Chapter 4     Glossary

The Philippines

 

Emilio Aguinaldo: 1869-1964. Prominent nationalist and a leader of the independence movements against Spain and America. Captured by US forces in 1901, he had no role in politics thereafter. Eventually granted amnesty by the US, he lived out his life as a respected leader of the early nationalist movements,

 

Creoles: Spaniards born in a Spanish colony (such as the Philippines).

 

Filipino: A term used for natives of the Philippines, most of whom are of Malayan descent.

 

Ilustrados: Spanish-educated Filipinos, the elite of Filipino society.

 

Katipunan (kah tea poo nahn) The shortened name of a peasant-based nationalist society. Founded in 1892 by Andres Bonifacio (1863-1897), this semi-secret society led the rebellions against Spain and the US.

 

Mestizos: Refers to Filipinos born of mixed heritage, usually a Spanish father and a Philippine mother.

 

Partido Nacionalista: Officially established in 1907 as an alternative to the US-sanctioned Partido Federal, the Nacionalista (Nationalist) Party was a coalition of Filipino elite associations. The Nacionalistas were based in Manila and opposed to American dominance of the Philippines. The party called for immediate and unconditional independence for the Philippines.The Partido Nacionalista remained virtually unopposed in Filipino domestic politics until 1946. After WWII, a former member of the party, Manuel Roxas, formed the Partido Liberal and won the first free presidential election. A loose coalition of Nacionalistas andLiberales then dominated Philippine politics until 1972, when the Nationalistas became inactive under martial law imposed by then leader, Ferdinand Marcos. Later, the Nacionalista Party, headed by Juan. Enrile, again became part of a coalition of political parties under the government of Corazon Aquino.

 

Peninsulares. Refers to Spaniards in a colony who were born in Spain (as opposed to the colonial-born Creoles).

 

Philippine-American War 1899-1902. For the US, this was a colonial insurrection; for the Philippines, it was a continuation of the struggle for independence against colonial overlords.In February 1899, fighting broke out between US and Filipino forces. Although the US suffered setbacks in 1900, the capture of guerrilla leader Aguinaldo in March 1901 paved the way for eventual American victory. Both sides suffered heavy casualties. Civilians included, the Philippine loss ratio was over 50 to 1.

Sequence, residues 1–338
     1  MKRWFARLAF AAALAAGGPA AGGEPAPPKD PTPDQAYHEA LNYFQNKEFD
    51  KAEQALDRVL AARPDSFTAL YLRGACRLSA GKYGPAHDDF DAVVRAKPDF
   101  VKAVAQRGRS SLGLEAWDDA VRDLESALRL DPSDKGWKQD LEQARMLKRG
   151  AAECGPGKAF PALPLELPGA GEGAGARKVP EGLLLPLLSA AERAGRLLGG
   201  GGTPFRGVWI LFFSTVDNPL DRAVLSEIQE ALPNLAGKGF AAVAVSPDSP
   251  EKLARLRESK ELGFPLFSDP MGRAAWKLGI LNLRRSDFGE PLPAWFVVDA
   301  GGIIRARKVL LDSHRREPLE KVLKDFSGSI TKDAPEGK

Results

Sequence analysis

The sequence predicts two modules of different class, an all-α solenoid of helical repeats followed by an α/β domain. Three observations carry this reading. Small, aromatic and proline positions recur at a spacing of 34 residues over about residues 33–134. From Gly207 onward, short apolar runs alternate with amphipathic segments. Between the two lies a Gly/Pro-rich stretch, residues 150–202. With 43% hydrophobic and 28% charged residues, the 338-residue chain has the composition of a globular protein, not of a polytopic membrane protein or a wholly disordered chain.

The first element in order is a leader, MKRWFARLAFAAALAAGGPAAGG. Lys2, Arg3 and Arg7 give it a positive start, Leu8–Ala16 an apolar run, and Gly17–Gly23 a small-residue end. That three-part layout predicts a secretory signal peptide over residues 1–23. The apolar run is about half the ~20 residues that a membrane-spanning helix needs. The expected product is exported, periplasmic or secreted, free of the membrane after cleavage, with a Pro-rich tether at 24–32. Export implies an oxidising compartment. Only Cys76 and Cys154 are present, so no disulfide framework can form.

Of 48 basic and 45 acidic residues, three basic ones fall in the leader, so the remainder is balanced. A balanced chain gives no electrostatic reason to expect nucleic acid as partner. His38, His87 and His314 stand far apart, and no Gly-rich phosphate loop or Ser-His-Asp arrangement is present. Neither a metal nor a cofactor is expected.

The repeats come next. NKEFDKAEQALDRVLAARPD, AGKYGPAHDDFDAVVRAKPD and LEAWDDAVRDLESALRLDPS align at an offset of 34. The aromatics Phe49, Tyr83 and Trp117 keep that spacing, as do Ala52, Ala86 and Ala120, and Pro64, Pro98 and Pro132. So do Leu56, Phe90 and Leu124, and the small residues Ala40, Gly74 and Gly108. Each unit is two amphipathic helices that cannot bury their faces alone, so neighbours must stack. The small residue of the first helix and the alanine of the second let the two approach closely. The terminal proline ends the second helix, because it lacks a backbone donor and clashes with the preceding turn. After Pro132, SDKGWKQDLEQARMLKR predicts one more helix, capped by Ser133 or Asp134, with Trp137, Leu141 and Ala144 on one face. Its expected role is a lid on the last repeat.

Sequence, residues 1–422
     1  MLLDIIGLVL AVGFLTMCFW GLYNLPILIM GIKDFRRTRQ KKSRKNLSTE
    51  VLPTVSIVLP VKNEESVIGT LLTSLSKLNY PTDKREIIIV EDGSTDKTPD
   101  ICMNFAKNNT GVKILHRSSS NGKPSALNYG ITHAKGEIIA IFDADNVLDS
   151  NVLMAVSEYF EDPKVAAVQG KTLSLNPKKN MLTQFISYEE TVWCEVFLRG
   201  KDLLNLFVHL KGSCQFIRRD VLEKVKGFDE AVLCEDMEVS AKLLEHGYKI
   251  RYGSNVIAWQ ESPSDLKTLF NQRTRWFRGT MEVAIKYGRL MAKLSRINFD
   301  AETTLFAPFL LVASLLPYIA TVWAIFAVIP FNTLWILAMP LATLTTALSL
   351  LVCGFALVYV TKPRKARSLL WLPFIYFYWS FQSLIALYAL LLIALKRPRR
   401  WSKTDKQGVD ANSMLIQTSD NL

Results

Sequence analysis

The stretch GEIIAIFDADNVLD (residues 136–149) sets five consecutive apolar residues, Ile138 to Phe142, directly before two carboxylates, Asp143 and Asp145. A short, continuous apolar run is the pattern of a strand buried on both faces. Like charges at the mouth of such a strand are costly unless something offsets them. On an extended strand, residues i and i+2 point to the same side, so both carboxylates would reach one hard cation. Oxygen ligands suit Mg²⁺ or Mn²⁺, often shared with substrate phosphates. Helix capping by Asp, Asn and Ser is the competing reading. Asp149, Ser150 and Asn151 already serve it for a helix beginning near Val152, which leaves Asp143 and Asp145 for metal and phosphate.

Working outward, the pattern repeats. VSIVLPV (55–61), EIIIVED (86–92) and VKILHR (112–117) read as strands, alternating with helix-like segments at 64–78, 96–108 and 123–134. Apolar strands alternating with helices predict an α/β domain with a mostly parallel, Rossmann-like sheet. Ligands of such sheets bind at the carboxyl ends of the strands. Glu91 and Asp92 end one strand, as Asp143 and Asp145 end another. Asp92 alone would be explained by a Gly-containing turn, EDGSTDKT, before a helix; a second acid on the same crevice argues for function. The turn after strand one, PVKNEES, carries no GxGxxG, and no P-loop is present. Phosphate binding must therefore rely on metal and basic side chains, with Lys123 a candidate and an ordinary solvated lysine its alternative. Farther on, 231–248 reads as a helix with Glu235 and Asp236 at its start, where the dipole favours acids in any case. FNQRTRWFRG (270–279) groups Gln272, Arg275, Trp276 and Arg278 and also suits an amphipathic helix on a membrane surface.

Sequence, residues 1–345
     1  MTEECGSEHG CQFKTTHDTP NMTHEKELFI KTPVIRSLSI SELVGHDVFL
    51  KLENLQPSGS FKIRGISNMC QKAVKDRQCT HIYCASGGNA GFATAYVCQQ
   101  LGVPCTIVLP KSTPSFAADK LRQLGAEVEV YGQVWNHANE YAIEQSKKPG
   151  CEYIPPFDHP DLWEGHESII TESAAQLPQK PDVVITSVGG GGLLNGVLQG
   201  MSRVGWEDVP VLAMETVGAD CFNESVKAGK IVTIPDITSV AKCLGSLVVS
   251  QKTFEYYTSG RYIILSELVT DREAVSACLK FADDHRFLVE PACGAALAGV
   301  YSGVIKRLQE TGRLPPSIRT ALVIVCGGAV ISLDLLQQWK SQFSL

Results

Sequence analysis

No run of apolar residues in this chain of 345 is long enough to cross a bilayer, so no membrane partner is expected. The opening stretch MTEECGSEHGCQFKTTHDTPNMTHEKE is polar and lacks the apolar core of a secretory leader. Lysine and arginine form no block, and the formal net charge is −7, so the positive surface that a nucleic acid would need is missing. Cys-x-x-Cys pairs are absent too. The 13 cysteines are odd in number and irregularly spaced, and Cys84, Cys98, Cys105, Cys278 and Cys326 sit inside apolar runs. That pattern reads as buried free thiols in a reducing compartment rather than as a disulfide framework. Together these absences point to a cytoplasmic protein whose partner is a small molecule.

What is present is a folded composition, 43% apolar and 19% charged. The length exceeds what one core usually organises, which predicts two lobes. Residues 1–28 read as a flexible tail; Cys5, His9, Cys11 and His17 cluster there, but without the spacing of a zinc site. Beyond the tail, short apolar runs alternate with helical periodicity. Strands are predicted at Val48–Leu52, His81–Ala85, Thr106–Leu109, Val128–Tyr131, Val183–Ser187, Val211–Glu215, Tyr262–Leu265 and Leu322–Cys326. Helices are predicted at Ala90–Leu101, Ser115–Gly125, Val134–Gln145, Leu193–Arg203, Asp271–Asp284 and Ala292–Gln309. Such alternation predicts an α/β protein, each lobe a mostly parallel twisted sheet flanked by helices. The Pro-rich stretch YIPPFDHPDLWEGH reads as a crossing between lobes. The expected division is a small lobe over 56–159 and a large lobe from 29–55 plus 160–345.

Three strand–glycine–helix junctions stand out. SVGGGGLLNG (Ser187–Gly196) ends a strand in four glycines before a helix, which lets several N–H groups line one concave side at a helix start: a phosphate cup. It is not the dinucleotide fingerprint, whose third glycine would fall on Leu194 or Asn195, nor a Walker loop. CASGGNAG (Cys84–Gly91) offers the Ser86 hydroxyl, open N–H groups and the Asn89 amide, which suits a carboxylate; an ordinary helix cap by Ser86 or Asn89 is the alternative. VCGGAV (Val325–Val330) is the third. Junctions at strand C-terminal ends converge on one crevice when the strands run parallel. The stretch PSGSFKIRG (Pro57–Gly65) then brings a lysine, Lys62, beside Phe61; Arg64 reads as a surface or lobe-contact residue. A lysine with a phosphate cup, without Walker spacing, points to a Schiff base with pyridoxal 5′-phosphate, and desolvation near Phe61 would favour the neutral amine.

Philippine Revolution: 1896-1898. A revolution against the Spanish, launched byKatipunan and led by Andres Bonifacio (1862-1897) and Emilio Aguinaldo. The success of this rebellion, combined with the Spanish-American War, drove the Spanish from the Philippines.

 

Manuel Quezon: (1878-1944). Dominant native political leader and statesman during the American colonial occupation of the Philippines. An Ilustrado, Quezon came from a loyalist family and consequently did not take part in the Filipino independence movement against theSpanish. However, he was active against the Americans. After imprisonment by US authorities, Quezon became politicized, joined the Partido Nacionalista, was elected to the Filipino assembly, where he helped to influence American colonial policies. Elected and reelected to the first presidency of the Philippine Commonwealth in 1935 and 1941, Quezon had to flee the islands when the Japanese invaded in 1942. He died in Washington, DC, from tuberculosis.

 

Jose Rizal: (1861-1896). A patriotic Filipino novelist whose execution sparked the Philippine Revolution of 1896-1898.

 

Manuel Roxas: (1894-1948). As a member of the Nacionalista Party, Roxas was elected to The Philippines Assembly in the 1920s, where he became Speaker of the Assembly. He opposed Quezon, although they were members of the same party. When the Japanese invaded, Roxas was captured by them and forced to take part in their puppet-government. However, he used this position to assist the Filipino underground. When independence was granted in 1946, Roxas waselected the first President. After two years of an administration marked by corruption, Roxas died in office.

 

Spanish-American War: 1898. The US victory established American control of Guam, the Philippines, and Puerto Rico; Cuba gained independence from Spain as a result of this war.

 

Tagalog: (tah gah log) A major language of the northern Philippines and one of the two official languages (the other is English). Until the middle of the twentieth century, Tagalog was rarely spoken outside of the island of Luzon. Since 1960, Tagalog has been the most widely spoken language of the Philippines